The effects of mental health problems are huge, and given the challenging times we are living in with coronavirus, it’s more important than ever that we take steps to support good mental health and each other.
Self-isolation is much talked about as a way of protecting ourselves, and one another, from coronavirus. Even for those of us who like solitude, this can be too much of a good thing. For others, the thought of being cut off from others for a long time is little short of soul-destroying. Our fear is the impact of social isolation on a person’s mental health could be worse than the coronavirus itself – with the loss of income and a down turn in businesses along with the loneliness it could result in increases in depression, addictions and suicide.
A good way to keep in touch with loved ones during the “lock-down” period and to help ease pressure on our NHS and slow the spread of COVID-19, are explored below without putting your own health at risk.
Staying in touch by phone, “The old ways are the best” some people may argue, and you may prefer to keep in touch with your loved ones over the phone during the next few weeks.
Social Media is a fantastic way to stay in touch with family and friends, plus, it’s easy to access, whether you’re using a desktop computer, laptop, smart phone or tablet.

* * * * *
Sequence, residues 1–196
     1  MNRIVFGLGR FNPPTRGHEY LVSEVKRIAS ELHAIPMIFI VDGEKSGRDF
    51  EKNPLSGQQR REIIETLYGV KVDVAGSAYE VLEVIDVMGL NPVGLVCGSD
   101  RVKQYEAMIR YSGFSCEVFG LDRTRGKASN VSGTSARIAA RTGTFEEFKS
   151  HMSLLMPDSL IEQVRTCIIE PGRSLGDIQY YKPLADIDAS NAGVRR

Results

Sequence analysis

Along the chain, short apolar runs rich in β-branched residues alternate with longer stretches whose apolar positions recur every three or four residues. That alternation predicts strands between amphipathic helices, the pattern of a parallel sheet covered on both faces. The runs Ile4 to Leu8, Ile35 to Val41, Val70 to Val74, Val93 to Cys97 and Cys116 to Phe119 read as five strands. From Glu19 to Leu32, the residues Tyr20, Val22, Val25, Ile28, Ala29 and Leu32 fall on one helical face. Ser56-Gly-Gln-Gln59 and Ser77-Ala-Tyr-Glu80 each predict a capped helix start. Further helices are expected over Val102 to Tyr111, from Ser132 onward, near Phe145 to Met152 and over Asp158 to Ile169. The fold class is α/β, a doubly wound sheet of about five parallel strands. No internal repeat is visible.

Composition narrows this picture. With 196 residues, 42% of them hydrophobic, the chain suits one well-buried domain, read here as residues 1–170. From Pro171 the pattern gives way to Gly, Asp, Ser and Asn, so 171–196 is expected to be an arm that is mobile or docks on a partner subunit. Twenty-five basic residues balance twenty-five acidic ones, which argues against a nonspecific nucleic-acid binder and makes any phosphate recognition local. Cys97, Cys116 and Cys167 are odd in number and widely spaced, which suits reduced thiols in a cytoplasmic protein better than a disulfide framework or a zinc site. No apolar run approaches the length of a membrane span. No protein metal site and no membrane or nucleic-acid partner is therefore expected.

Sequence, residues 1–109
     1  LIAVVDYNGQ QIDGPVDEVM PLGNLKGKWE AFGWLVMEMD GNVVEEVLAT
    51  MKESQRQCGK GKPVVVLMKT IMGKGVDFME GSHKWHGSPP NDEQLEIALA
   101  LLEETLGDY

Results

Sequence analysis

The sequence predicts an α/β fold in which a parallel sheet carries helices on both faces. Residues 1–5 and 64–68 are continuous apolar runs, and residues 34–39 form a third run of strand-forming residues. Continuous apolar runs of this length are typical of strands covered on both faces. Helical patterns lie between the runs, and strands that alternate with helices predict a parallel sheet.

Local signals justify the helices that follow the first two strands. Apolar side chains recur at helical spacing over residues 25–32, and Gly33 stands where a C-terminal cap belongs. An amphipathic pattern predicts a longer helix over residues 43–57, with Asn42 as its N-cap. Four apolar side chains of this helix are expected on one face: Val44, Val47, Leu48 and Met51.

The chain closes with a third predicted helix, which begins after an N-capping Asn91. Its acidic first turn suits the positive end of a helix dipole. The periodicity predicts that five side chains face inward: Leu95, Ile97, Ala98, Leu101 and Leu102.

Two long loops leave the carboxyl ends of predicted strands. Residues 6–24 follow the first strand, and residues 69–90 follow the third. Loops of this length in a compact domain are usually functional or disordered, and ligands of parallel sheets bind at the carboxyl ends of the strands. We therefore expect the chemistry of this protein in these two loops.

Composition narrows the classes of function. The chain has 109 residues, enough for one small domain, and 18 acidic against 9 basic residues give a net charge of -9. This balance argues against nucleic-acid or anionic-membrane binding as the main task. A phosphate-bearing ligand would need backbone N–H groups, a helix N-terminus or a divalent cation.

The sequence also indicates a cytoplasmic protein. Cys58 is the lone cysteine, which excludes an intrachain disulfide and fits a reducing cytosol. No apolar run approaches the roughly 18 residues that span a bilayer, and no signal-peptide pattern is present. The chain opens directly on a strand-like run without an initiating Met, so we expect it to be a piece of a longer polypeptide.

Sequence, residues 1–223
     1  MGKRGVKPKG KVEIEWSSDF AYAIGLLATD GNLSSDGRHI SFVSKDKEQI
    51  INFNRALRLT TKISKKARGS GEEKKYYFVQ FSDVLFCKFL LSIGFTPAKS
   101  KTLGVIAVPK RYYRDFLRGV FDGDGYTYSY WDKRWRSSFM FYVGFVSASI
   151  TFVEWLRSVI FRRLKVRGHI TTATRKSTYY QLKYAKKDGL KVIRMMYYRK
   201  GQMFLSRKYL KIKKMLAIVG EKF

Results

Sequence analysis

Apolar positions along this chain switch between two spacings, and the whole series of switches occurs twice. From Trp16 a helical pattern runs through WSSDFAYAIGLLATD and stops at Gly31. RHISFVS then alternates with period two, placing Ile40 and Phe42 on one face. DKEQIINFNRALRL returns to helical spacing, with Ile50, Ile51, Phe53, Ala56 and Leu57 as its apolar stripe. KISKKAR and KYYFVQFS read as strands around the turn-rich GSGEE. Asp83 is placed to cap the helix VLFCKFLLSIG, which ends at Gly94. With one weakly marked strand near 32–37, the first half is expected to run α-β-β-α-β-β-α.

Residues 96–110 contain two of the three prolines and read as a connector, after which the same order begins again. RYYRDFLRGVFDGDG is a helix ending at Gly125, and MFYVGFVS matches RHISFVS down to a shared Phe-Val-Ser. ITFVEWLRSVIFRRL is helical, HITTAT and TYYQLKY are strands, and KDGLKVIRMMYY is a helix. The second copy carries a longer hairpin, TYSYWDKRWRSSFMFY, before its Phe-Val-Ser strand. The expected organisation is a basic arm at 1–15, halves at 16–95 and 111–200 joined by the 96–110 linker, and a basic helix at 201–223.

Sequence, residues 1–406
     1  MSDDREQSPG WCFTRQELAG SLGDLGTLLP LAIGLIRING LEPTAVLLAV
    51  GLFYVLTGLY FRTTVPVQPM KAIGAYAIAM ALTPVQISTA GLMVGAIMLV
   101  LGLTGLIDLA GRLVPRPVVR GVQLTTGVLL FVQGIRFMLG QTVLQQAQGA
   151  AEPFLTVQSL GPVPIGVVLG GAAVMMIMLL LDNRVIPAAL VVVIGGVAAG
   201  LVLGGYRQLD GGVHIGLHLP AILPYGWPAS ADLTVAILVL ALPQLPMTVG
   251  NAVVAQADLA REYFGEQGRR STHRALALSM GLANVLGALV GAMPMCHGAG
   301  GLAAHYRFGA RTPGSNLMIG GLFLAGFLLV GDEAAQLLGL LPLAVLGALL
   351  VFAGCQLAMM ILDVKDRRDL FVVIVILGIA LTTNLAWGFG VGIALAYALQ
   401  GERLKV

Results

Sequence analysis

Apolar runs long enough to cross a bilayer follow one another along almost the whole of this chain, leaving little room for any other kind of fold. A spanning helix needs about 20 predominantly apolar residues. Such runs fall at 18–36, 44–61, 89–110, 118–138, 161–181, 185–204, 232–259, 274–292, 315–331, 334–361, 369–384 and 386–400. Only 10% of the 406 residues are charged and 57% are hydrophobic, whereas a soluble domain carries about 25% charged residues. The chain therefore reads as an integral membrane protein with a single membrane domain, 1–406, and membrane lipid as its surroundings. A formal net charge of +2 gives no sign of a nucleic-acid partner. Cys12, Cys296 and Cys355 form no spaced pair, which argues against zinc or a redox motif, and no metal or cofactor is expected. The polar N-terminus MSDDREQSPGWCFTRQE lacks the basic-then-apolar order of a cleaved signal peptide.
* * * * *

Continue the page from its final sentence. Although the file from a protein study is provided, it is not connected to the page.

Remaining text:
In any normal way of life the data say that 5% of the community have thoughts of suicide in any given two week period, if you take our population across the Island of 141,538*people this means that 7,050 people just on the Island have thoughts of suicide in that given time frame of 2 weeks this is at any age – some if not most will not act on them thoughts.
How Do I know If Someone Is Suicidal?
We know that talking about suicide is a nerve-wracking thing to do – for the person who is suicidal and for anyone who may be concerned about them. If you are asking a loved one, family member or friend if they are suicidal, it can be distressing to learn that they feel this way and it can be difficult to take in.
Lots of people we come across worry that asking and talking about suicide will make suicide more likely to happen – THIS is really NOT the case at all. Asking a direct question that requires a yes or no answer will ensure that there is no confusion and that the person will understand you are asking them about suicide and nothing else, no cross wires.
Someone at risk from Suicide?
If you think or believe that someone you know or have seen someone who is at risk from ending their life from suicide you can make contact with our front line team 24 hours a day in the following ways:
SPI Crisis Number (Suicide Intervention Only)
07519008406 24/7 text or call – This number is only to be used if you or someone you know is having thoughts of suicide or we have a live 24 hour web chat on our website www.spiiow.org
Anyone interested in learning or joining the on-call from line team can contact SPIIOW at firstname.lastname@example.org